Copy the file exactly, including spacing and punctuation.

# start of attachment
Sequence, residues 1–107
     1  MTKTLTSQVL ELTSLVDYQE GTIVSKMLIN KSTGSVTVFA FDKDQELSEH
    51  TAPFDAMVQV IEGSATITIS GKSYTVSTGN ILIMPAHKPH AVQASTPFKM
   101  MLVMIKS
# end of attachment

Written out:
Sequence, residues 1–107
     1  MTKTLTSQVL ELTSLVDYQE GTIVSKMLIN KSTGSVTVFA FDKDQELSEH
    51  TAPFDAMVQV IEGSATITIS GKSYTVSTGN ILIMPAHKPH AVQASTPFKM
   101  MLVMIKS